The Application of Haiku in Zen Buddhism

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Haiku is a short poem, usually consisting of 17 syllables in Japanese. It contains three short lines that evoke emotions by presenting a pair of contrasting images (Hass 11). This short poem does not explain the images created, but leave a suggestion instead. Haiku are used by Zen Buddhists in the teaching of the doctrine in several ways. Firstly, Zen Buddhism emphasizes on meditation which was believed to cause enlightenment. With meditation, Zen Buddhists experience little flashes of knowledge known as kensho. These are daily experiences that surprise people because they reveal the truth. For example, one haiku by Basho indicates that “Old pond. A frog jumps in. The sound of water” (Hass 24). In this case, the old pond refers to the still nature of life, and the jumping frog indicates a flash of enlightenment. Therefore, Zen Buddhists utilized haiku in teaching and practicing meditation. The poems were also used to teach about the nature of human life and show human experiences such as loneliness and loss. Zen Buddhists meditate in loneliness and also see similar loneliness in others. For instance, Basho in his famous haiku indicated that “Along this road goes no one, this autumn eve” (Hass 22). Basho reveals the solitude nature of his life and death, symbolized by “autumn eve.” Issa used haiku to reflect on the loss of his children. He stated that “A world of dew, And within every dewdrop, A world of struggle” (Hass 16). Zen Buddhists also used haiku in teaching the Zen doctrines. According to the Zen teachings of the “three signs of being,” everything is subject to change. For this reason, the Zen Buddhists emphasized the importance of seasons to show a sense of change. An example is a haiku by Koji which says, “Hoarfrost spikes, have sprung out overnight, like the hairs on my chin” (Hass 31). In my opinion, the use of haiku in teaching is a workable process. These poems were successful, and their applications are still relevant to date.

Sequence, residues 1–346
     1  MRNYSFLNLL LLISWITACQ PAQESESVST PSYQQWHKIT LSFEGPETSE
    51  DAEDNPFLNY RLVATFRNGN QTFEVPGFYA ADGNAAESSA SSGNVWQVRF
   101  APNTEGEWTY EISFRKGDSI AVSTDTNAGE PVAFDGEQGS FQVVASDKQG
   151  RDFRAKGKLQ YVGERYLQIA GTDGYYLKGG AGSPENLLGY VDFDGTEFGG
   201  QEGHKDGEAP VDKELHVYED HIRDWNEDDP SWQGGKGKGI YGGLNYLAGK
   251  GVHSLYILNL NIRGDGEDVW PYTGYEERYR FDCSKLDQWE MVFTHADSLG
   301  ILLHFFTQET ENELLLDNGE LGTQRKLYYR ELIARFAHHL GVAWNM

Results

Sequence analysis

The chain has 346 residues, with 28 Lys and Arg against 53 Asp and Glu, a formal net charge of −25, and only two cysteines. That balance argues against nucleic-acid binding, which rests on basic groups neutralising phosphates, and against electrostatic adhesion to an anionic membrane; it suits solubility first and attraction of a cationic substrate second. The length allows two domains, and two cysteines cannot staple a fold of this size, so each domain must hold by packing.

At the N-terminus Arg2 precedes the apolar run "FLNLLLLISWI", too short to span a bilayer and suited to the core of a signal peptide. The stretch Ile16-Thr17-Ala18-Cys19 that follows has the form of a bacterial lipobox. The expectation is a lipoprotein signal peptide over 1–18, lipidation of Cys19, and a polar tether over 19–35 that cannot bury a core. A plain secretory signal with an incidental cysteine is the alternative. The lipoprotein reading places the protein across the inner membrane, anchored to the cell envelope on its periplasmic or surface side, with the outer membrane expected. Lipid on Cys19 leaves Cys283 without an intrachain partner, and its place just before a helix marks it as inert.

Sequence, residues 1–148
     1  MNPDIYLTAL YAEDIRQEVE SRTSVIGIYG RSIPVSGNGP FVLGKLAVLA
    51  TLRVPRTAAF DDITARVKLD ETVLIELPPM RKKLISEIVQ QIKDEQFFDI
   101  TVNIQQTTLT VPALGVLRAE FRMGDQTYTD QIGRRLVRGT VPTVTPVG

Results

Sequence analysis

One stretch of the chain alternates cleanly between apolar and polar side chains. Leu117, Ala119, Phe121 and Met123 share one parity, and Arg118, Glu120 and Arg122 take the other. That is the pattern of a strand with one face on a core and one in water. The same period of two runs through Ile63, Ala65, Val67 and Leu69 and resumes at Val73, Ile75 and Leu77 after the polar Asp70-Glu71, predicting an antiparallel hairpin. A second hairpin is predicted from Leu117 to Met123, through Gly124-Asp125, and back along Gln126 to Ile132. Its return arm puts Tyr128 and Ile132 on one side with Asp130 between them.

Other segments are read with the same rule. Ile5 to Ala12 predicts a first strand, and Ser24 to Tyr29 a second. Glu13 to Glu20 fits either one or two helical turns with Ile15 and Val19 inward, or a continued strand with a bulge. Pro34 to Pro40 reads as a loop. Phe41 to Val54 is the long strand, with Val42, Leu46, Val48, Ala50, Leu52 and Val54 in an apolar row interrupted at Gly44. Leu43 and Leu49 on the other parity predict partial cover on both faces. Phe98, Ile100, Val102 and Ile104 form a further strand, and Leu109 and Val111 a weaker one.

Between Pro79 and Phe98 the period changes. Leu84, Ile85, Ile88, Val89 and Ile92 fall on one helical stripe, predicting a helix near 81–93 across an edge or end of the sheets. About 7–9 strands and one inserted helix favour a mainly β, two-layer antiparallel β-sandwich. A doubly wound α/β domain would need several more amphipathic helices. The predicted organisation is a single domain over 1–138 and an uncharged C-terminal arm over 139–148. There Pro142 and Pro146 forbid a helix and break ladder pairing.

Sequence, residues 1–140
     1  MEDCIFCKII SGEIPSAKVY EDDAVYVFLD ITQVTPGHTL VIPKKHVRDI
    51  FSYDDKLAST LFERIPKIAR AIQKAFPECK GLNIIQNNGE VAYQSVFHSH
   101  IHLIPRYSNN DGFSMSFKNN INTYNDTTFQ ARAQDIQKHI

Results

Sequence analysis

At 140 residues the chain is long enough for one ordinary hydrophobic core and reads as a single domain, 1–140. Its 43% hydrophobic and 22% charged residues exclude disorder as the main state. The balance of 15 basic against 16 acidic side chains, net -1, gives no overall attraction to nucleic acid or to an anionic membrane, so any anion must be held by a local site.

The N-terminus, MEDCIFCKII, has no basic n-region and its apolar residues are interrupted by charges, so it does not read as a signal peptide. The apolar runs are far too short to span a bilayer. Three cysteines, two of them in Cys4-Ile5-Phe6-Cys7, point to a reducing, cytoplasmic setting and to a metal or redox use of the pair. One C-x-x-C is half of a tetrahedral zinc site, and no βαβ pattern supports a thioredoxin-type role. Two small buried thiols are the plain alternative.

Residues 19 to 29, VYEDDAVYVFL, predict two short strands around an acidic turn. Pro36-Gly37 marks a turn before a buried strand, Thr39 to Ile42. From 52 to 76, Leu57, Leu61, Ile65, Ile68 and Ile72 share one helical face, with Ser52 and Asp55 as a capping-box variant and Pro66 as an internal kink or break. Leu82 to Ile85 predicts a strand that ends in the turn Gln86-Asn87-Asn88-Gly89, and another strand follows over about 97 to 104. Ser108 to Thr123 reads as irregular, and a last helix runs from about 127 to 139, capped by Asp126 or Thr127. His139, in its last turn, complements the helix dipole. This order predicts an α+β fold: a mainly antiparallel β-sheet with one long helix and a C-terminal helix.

Work Cited

Hass, Robert. The Essential Haiku: Versions of Bashō, Buson, and Issa. Ecco Press, 2009. Print.

December 12, 2023



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